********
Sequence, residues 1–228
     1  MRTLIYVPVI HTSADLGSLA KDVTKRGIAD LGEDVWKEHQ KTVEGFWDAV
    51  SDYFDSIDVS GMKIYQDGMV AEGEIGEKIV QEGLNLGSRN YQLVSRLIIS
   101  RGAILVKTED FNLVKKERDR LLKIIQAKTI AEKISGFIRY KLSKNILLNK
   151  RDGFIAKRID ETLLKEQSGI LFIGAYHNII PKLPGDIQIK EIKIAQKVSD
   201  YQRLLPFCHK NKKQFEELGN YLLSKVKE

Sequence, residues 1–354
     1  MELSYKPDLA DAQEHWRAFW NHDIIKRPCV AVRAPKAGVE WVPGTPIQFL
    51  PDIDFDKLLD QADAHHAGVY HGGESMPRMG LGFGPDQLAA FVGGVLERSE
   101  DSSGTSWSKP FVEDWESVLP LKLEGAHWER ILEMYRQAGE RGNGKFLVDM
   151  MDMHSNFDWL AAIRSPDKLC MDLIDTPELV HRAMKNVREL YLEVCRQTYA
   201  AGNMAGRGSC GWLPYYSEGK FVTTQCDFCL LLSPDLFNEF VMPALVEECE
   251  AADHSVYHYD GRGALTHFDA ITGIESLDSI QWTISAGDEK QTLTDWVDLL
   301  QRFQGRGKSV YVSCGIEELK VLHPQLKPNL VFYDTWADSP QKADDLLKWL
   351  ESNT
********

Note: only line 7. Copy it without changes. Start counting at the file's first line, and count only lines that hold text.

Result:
Sequence, residues 1–354